Second Seattle recall petition targets city council member

A petition to recall Seattle City Council member Kshama Sawant accuses her of abusing her powers as an elected official.

Filed on Tuesday with King County elections by Seattle resident Ernie Lou on behalf of the “Recall City of Seattle Councilmember Kshama Sawant Committee,” the petition outlines a series of accusations against the seven-year council member.

It asserts that Sawant misused council resources to promote a ballot initiative in February and violated city hiring rules by giving decision-making authority to Socialist Alternative, of which Sawant is an outspoken member.

The petition also claims that Sawant endangered city employees by admitting hundreds of protesters into Seattle City Hall and”created a criminal environment” in the East Precinct area of Capitol Hill where the former Capitol Hill Organized Protest (CHOP) zone was created.

The petition will be forwarded to the county Prosecuting Attorney’s Office for review.

If approved, Lou will have until March to collect roughly 10,700 certified signatures from registered voters or around 25 percent of the total votes cast in the last District 3 election.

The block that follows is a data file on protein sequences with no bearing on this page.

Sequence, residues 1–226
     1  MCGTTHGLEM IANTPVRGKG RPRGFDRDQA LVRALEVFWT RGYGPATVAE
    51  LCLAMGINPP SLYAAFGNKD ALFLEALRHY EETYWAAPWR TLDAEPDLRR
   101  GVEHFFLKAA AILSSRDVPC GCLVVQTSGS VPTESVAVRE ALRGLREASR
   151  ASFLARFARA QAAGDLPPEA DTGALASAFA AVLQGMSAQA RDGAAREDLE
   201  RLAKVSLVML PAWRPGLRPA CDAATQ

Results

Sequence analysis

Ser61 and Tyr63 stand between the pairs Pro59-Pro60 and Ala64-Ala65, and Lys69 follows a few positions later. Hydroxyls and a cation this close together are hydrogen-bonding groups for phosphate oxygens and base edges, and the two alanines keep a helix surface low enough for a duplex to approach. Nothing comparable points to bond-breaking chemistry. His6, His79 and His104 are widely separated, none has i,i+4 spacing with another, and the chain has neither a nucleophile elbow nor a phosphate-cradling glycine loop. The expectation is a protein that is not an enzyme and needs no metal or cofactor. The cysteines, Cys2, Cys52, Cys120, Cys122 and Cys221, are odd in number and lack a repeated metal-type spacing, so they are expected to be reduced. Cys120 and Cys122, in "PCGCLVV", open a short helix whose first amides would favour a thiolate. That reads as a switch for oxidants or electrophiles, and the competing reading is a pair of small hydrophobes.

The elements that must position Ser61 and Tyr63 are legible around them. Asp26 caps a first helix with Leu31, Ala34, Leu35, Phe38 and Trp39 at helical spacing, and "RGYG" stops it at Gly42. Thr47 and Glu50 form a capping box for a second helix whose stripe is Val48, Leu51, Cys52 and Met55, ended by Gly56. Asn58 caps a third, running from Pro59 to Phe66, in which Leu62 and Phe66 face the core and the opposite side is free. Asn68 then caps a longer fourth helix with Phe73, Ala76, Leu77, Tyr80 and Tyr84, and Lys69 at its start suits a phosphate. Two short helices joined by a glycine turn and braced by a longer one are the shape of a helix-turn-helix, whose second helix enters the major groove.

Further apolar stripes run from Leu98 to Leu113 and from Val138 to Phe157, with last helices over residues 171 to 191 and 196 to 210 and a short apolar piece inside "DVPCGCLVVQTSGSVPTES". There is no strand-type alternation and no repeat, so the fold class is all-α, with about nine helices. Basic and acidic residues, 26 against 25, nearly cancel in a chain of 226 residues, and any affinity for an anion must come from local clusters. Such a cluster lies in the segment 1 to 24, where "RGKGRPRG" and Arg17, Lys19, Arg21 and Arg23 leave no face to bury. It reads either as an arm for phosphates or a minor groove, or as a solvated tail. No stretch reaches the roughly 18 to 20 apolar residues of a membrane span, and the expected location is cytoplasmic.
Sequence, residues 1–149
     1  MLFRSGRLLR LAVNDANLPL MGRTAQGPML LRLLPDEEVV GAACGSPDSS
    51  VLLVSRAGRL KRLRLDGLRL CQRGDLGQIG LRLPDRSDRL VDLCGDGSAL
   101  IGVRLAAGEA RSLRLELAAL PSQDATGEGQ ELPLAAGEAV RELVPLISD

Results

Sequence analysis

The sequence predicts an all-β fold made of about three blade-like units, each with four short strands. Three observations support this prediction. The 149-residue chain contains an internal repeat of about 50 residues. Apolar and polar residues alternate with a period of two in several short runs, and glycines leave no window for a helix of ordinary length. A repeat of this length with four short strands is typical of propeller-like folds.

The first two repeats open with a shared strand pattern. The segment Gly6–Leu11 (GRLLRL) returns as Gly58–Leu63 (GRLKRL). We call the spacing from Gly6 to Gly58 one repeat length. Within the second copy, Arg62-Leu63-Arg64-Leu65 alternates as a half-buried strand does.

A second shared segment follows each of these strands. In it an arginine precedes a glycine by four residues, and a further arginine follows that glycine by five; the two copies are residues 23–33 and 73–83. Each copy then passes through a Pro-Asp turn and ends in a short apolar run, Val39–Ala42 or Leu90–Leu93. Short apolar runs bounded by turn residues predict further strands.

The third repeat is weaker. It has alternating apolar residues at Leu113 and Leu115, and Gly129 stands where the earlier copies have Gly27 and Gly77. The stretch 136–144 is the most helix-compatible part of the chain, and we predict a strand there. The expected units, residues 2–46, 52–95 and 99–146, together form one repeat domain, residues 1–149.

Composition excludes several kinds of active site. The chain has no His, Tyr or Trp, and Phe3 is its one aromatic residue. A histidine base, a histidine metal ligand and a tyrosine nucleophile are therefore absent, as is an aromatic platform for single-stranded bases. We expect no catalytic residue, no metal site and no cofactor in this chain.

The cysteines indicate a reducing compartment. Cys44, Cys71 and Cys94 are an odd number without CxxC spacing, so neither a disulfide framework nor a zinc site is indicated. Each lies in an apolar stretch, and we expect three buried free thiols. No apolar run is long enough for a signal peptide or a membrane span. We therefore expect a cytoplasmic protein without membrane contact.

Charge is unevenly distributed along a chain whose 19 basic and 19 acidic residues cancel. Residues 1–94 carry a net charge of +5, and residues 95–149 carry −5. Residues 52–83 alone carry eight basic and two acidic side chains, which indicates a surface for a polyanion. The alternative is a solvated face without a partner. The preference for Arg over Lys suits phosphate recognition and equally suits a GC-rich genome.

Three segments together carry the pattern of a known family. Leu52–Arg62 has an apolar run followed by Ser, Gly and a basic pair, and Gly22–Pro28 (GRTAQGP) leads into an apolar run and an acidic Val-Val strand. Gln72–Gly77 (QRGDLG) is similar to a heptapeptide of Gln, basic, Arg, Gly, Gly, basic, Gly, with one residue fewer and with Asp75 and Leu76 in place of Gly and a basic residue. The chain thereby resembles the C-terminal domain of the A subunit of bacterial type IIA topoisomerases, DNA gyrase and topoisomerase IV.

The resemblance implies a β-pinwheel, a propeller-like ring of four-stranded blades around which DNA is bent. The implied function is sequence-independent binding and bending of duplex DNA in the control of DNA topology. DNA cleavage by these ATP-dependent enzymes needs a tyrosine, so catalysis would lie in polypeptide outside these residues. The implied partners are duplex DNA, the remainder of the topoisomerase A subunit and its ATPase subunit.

A special election asking voters to recall Sawant would take place on Feb. 9, 2021.

Sawant has been among the city council’s most vocal critics of the Seattle Police Department and was the sole member to vote against the council’s multi-million dollar police budget cuts, saying the cuts did not go far enough.

Seattle Police Chief Carmen Best announcedher resignation after 28 years on the force following cuts to the department’s budget.

Sawant has not minced words about Best’s purported role in what she describes as a culture of “racism, and of anti-poor, anti-working-class sentiments” in the Seattle Police Department.

Seattle Mayor Jenny Durkan, who along with Best clashed with Sawant and the council in past weeks over budget cuts, faces a recall petition of her own.

Durkan has unsuccessfully challenged the petition several times. Her latest appeal is now currently being reviewed by the Supreme Court of Washington.

*story by The Washington Examiner